Engraved Portrait by "Hobbedeboody" Jack Adams.

Engraved Portrait by "Hobbedeboody".

Publisher Information: 1663.

Adams, Jack (1625-?). Magnifico smokentissimo custardissimo astrologissimo cunningmanissimo rabbinissimo viro Iacko Adams de Clarkenwell Greeno hanc lovelissiman sui picturam. Engraved portrait. N.p., n.d. (1663 or later). Mounted. 130 x 76 mm. (engraving); 146 x 93 mm. (mount). Very good.

Comic portrait of British astrologer Jack Adams, the "Cunning Man of Clerkenwell Green," captioned in dog-Latin and signed "Hobbedeboody pinxit et scratchabat." John Timbs, who reproduced this engraving in his English Eccentrics and Eccentricities (1875), gave the following brief biography of Adams:

"Among the celebrities of Clerkenwell Green was Jack Adams, whose nativity was calculated by Partridge, who affirmed that he was born on the 3rd of December, 1625, and that he was so great a natural, or simpleton, as to be obliged to wear long coats, besides other marks of stupidity. . . .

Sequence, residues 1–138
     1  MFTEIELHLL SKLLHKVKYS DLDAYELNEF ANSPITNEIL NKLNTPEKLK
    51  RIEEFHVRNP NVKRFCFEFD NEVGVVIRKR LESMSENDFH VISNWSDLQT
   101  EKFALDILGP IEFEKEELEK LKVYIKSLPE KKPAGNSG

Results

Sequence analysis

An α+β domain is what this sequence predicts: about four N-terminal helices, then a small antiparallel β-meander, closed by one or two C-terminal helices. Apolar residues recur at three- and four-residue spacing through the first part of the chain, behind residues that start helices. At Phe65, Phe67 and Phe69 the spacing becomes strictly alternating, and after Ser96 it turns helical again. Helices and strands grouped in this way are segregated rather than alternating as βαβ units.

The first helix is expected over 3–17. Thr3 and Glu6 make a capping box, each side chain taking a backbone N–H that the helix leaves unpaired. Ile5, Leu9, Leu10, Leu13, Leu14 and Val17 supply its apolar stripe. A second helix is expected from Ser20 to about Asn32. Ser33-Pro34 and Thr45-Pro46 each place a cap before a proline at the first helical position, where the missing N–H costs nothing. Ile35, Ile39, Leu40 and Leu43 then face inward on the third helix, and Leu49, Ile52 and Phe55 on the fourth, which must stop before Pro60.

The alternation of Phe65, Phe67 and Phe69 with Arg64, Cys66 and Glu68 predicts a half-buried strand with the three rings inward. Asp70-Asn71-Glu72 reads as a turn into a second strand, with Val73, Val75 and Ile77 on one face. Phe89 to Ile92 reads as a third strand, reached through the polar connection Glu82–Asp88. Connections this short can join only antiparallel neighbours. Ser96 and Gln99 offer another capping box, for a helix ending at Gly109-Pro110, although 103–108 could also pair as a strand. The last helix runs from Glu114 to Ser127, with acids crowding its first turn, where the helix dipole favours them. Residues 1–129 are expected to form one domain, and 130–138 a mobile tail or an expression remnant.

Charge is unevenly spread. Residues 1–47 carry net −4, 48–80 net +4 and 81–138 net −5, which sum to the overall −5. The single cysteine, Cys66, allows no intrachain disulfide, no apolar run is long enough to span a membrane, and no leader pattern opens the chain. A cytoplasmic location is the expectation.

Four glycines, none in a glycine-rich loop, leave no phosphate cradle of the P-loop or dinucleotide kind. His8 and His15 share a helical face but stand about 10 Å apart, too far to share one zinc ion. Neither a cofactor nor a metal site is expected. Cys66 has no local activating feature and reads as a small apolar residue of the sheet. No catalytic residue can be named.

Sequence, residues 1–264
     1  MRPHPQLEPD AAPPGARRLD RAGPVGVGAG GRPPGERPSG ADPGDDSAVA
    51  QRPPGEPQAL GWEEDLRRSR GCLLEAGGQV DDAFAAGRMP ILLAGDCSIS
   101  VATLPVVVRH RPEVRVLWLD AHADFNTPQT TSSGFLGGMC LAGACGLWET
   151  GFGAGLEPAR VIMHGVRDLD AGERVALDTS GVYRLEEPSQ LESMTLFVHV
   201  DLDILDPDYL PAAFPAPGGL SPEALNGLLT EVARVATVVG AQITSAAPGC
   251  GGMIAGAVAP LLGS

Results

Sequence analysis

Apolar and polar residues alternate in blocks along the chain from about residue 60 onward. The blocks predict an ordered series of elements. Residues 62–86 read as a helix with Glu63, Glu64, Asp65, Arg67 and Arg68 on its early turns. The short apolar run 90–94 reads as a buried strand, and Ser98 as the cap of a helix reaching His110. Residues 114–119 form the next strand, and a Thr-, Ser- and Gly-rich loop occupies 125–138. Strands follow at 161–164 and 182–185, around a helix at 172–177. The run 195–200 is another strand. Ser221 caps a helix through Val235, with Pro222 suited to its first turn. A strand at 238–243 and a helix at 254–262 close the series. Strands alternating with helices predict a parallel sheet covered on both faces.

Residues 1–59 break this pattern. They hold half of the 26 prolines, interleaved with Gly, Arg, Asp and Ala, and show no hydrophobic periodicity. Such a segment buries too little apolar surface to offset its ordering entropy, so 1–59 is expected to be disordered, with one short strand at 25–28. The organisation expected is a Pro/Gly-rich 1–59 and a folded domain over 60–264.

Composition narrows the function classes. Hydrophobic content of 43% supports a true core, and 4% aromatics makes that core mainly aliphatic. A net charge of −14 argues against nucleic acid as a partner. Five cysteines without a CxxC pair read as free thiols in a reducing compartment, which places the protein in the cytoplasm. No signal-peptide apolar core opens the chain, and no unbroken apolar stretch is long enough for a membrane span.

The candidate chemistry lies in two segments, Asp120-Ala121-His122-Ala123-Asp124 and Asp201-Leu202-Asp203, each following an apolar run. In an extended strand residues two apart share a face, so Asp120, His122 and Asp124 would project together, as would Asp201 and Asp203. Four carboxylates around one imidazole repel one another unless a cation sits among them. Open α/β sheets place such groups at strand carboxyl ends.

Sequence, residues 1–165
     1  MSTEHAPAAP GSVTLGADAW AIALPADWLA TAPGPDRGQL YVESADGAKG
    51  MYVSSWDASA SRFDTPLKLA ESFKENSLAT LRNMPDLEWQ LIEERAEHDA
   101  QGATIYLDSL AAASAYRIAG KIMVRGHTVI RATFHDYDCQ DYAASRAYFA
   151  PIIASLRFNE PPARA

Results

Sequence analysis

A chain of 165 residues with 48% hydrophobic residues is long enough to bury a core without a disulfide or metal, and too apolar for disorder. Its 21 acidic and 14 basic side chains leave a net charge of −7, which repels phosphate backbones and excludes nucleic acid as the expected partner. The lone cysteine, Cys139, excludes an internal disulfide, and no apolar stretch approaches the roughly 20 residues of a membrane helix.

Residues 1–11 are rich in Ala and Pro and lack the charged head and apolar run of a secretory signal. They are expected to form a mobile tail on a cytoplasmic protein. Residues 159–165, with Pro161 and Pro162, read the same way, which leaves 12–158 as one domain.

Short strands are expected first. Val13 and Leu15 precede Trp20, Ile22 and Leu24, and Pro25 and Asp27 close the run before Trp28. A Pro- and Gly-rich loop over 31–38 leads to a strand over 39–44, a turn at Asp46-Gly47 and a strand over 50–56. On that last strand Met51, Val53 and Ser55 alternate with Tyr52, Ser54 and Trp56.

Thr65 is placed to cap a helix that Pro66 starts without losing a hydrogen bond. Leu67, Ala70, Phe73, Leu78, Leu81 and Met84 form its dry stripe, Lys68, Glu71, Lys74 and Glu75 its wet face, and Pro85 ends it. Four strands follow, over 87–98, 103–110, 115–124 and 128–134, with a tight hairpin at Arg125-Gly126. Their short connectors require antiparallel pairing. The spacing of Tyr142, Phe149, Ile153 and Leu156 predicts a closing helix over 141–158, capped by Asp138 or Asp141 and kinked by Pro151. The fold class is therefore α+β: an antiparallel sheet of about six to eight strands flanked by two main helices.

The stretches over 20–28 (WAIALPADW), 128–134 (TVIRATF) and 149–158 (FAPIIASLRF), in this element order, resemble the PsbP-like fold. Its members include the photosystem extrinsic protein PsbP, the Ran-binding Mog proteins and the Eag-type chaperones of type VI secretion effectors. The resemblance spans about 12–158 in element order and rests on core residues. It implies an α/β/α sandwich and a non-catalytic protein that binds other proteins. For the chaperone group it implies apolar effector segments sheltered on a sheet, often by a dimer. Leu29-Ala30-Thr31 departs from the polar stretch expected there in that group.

"Jack Adams was a conjurer and professor of the celestial sciences; he was (says Granger's Supplement) 'a blind buzzard, who pretended to have the eyes of an eagle. He was chiefly employed in horary questions, relative to love and marriage, and knew, upon proper occasions, how to soothe and flatter the expectations of those who consulted him, as a man might have much better fortune from him for five guineas than for the same number of shillings . . . He assumed the character of a learned and cunning man; but was no otherwise cunning than as he knew how to overreach those credulous mortals who were as willing to be cheated as he was to cheat them, and who relied implicitly upon his art.' . . .

"In an old print we have Jack Adams in a fantastic dress, with a tobacco-pipe in his girdle, standing at a table on which lies a horn-book and Poor Robin's Almanack. On one shelf is a row of books, and on another several boys' playthings, particularly tops, marbles, and a small drum. Before him is a man genteelly dressed, presenting five pieces; from his mouth proceeds a label, inscribed, 'Is she a princess?' This is meant for Carleton, who married the pretended German princess. Behind him is a ragged, slatternly woman, who also has a label in her mouth, with these words: 'Sir, can you tell my fortune?'" (Timbs, pp. 131-132).

"The pretended German princess" refers to British criminal Mary Carleton, who assumed false identities in order to marry and defraud a number of men. She first came to public notice in 1663 when she was arrested and tried for impersonating a German princess in order to marry John Carleton, the brother-in-law of a tavern owner.

Book Id: 41189

Price: $500.00

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